Michael Martone

Michael Martone was born in Fort Wayne, Indiana, where he learned at a very early age, about flight.  His mother, a high school English teacher, read to him of the adventures of Daedalus and Icarus from the book Mythology written by Edith Hamilton, who was born in Dresden, Germany, but who also grew up in Fort Wayne, Indiana.  Martone remembers being taken by his father to Baer Field, the commercial airport and Air National Guard base, to watch the air traffic there.  He was blown backward on the observation deck by the prop-wash of the four-engine, aluminum-skinned Lockheed Constellation with its elegant three-tailed rudder turning away from the gates. At the same time, the jungle-camouflaged Phantom F-4s did touch-and-goes on the long runway, the ignition of their after-burners sounding as if the sky was being torn like blue silk.  As a child growing up in Fort Wayne, Indiana, Martone heard many stories about Art Smith, “The Bird Boy of Fort Wayne,” and the adventures of this early aviation pioneer.  In the air above the city, Martone, as a boy, imagined, “The Bird Boy of Fort Wayne” accomplishing, for the first time, the nearly impossible outside loop and then a barrel-roll back into a loop-to-loop in his fragile cotton canvas and baling wire flying machine he built in his own backyard in Fort Wayne, Indiana, whose sky above was the first sky, anywhere, to be written on, written on by Art Smith, “The Bird Boy of Fort Wayne,” the letters hanging there long enough to be read but then smeared, erased by the high altitude wind, turning into a dissipating front of fogged memories, cloudy recollection.

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In 1915, on the eve of his departure from San Francisco to Japan for his first tour there, the news broke that Aimee Cour, the wife of Art Smith, the Bird Boy of Fort Wayne, had left California, returning home via train to her parents in Indiana.  His three-year marriage in shambles, Art took to the air in pursuit of his retreating wife, tracing the railroad right-of-way until he overtook the consist near Truckee as her train approached the Donner Pass in the Sierra Nevada. There, in the thin mountain air, Smith composed a message in the hope his estranged wife would catch a glimpse of the missive out of her parlor car window.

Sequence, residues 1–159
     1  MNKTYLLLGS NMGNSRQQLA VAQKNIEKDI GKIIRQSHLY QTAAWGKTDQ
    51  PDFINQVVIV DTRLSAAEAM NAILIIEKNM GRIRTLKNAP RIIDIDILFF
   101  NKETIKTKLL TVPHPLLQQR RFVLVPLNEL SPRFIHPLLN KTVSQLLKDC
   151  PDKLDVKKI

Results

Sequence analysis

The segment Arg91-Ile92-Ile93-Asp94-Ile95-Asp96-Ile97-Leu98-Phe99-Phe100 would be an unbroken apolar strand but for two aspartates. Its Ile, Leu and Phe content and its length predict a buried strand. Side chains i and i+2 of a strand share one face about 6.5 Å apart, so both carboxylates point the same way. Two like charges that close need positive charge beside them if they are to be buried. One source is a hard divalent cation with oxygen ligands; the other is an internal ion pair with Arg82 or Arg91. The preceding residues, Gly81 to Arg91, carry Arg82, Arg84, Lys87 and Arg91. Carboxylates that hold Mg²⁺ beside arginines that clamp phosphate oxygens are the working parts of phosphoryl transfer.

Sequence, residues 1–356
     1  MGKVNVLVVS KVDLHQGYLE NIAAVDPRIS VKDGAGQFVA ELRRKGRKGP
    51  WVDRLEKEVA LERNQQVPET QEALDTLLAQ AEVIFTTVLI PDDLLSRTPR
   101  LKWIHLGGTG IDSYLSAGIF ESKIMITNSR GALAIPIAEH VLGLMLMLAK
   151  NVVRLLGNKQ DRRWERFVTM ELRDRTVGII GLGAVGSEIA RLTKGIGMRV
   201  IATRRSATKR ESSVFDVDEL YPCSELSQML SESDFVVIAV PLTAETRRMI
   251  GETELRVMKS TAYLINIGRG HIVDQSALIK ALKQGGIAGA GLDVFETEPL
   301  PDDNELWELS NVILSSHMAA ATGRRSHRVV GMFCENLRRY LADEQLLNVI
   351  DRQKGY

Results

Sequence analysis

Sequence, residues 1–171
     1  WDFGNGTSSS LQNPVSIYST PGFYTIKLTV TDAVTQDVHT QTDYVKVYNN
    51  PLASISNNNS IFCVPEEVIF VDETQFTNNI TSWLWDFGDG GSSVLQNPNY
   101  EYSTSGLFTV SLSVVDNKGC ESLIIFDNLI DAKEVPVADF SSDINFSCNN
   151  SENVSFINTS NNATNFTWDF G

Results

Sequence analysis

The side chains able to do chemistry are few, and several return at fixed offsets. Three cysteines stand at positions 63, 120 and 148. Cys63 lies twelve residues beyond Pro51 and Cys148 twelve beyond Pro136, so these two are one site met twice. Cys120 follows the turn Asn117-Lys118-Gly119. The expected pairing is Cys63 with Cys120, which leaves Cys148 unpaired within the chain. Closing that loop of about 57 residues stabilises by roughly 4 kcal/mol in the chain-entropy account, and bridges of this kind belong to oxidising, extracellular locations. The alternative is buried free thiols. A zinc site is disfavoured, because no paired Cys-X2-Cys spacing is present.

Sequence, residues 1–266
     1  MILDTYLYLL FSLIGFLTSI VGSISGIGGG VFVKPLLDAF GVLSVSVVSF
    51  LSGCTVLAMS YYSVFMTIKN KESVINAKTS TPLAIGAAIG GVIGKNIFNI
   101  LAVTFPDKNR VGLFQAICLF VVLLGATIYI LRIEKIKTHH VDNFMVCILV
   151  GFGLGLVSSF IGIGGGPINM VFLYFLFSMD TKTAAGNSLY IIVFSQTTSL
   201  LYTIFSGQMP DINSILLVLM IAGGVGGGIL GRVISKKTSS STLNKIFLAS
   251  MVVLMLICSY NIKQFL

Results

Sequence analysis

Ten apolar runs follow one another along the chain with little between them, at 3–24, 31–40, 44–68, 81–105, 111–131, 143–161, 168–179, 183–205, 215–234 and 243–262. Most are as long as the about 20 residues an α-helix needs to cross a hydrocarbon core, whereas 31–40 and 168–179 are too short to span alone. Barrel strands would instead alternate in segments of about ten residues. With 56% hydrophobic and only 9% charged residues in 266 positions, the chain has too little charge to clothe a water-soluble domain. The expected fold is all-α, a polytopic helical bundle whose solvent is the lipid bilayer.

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Leap-frogging across the Great Central Plains, Art Smith followed the Overland Route of the Union Pacific, its crack express train bearing Aimee Cour eastward.  Flying ahead of the speeding engine, Smith continued to sky write this cryptic message at intervals that many on board, looking out from the open observation platform, believed mimicked, as it faded in the distance, the parade of telegraph poles, disappearing, as well, in the wake of the onward speeding train.



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In Chicago, Aimee Cour changed trains, boarding the Pennsylvania Railroad’s Broadway Limited to Fort Wayne.  Art Smith flew between the city’s tall buildings, etching in vapor the single word again, the same one he had inscribed over and over upon the open sky of two-thirds of the North American Continent.  His estranged wife must have spied the ghostly aerial letters sliced apart by the sculpted airspaces the skyscrapers created as her taxi, in lunchtime traffic, transferred her from the North Western Terminal to Union Station where she barely made her connection.



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Years later, Art Smith, the Bird Boy of Fort Wayne, returned to Lake James in the northwestern corner of the state of Indiana. It was there, years before, drifting in a rowboat with his future wife, Aimee Cour,  on the lake’s placid surface that he confessed his love for her and his desire to fly, drawing her attention to the lazily circling hawk in the distance.  As he hovered above the site, steering his smoke emitting aircraft to compose, once again, his plaintive message, Art Smith thought he remembered the moment that marked the beginning of his life.  He once again spelled out the plea from years before.  The letters overhead were reflected in the green waters of the lake and seemed to sink as they dissipated, disappearing below the jagged horizon of pine, the only sound that of his machine’s echoing engine.